“Is someone there?” she asked.

“A gendarme, on a bicycle, is coming,” was the reply.

How the youth knew this Worrals could not imagine—that is, until she saw him make a signal to some invisible person higher up the hill. With a shock, she realised something else—that the landslide, even in a district where landslides are common, was not an accident.

“Did you block the road?” she accused.

The youth smiled faintly. “Yes.”

“But why? You might have killed us.”

The youth shrugged. “If you take rides in Nazis cars in the Cévennes, you must expect to be killed, mademoiselle. How were we to know? We saw the Nazi car come in, and knowing that it must go out . . .” The youth made an expressive gesture.

“But it might not have come this way,” Worrals pointed out. “It might have gone straight on.”

“What difference could it have made?” said the youth casually. “Both roads are blocked.”

Worrals looked at Lucien. She was beginning to get a very good idea of what was happening in the Cévennes. There, in a conquered country, were people who were still fighting, in their own way. Roads were being blocked, and “accidents” arranged. The same thing was probably going on all over occupied Europe, she reflected.

“We are friends,” she resumed.

“We know that, mademoiselle.” The youth was staring up the hill. He made a signal. Then, “Come,” he said. “I have orders to take you up.”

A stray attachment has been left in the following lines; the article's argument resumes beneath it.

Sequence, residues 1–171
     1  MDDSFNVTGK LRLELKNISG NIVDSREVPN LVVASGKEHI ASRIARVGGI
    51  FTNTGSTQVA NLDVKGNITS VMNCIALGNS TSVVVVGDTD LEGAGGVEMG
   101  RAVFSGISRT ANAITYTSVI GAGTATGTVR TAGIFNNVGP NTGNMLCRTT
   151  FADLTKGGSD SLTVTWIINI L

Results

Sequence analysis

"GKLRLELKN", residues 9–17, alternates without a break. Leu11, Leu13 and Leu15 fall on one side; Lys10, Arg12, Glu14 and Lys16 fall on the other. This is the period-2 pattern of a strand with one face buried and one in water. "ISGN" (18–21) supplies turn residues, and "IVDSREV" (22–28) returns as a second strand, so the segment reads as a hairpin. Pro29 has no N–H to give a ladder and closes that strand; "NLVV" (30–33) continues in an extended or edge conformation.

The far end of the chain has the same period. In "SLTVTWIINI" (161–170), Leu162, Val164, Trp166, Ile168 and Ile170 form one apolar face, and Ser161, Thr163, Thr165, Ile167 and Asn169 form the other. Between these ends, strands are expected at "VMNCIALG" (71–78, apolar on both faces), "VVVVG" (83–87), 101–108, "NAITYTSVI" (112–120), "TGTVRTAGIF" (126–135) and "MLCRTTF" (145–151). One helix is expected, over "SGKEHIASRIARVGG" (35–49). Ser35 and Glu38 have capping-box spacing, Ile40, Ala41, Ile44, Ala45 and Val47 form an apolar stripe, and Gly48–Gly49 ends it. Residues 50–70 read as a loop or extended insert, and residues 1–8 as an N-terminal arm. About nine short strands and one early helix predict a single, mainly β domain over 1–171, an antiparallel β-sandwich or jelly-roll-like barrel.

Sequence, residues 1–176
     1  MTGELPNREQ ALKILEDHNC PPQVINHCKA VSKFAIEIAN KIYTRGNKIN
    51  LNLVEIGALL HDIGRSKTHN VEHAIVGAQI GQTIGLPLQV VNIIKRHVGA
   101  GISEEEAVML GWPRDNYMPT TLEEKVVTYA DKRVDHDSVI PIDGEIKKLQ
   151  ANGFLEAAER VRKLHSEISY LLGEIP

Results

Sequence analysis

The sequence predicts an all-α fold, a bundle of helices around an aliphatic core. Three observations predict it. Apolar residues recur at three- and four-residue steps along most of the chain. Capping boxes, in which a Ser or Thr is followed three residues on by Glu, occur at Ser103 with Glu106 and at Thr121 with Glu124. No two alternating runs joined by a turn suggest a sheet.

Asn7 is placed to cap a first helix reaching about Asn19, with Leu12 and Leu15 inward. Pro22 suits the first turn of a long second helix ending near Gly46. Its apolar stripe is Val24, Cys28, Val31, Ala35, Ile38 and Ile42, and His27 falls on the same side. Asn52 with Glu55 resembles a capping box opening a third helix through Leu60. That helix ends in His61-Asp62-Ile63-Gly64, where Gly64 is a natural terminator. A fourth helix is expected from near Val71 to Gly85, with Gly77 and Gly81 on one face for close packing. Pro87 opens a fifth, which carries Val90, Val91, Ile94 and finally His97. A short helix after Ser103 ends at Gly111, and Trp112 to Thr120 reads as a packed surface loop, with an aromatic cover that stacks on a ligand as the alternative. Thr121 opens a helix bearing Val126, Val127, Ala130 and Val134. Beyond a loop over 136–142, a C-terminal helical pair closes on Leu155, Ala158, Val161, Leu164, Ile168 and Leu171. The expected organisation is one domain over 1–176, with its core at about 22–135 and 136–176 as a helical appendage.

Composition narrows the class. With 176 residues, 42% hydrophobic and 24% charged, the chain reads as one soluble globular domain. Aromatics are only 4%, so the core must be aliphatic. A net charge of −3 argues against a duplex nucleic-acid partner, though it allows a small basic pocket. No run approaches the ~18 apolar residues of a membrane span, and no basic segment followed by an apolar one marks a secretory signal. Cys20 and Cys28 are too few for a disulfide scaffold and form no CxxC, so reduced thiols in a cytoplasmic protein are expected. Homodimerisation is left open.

Then began a long climb up the rough hillside. From time to time Worrals could see the road far below her, usually where it rounded a shoulder of the cliff. Occasionally, too, she noticed men squatting among the rocks. All were armed. Generally they smiled, or raised their hats.

“Goodness me, no wonder I felt that eyes were everywhere, watching us,” Worrals murmured to Lucien. “These hills are full of men.”

On a rough ledge, sitting on a heap of thyme, they came upon Louis Capelle, who rose to meet them.

“How on earth did you get here, Louis?” exclaimed Worrals.

“What sort of a guide would I be, not to know the short cuts in my own hills?”

“But why did you come here?”

“In case your plan failed, to prevent them from taking you away.”

“So that’s why you blocked the roads?”

“One reason, mademoiselle. But it will soon be dark, and we are a long way from the cave. Let us go.”

“Isn’t there a risk that we may be followed?”

“The way I shall take you,” answered Louis, “is a route formidable.”

This, Worrals soon discovered, was no exaggeration, for there were places where a steady head, and careful hand and foot work, were necessary. However, she went on, well satisfied with the result of her afternoon’s work.

“You’d better stay in the cave in future,” she advised Lucien, during a pause for breath.

“I shall not be likely to leave it without good reason,” he declared.

It was after ten o’clock when, after an exhausting march, the last part of it in darkness, they reached the cave, to find Frecks and Raoul waiting in a fever of anxiety.

“I’m afraid things are going to buzz presently,” Worrals told Frecks. “There’s a Nazi in the village, to say nothing of a French general—a Vichy quisling, I suppose. It’s hard to see how we can run a landing ground with all this going on. I’d better stop Bill from coming here—at any rate for the time being.”

“Not a bad idea, but you’re just too late,” rejoined Frecks.

“What do you mean?”

“I had a signal five minutes ago to say that he was on the way.”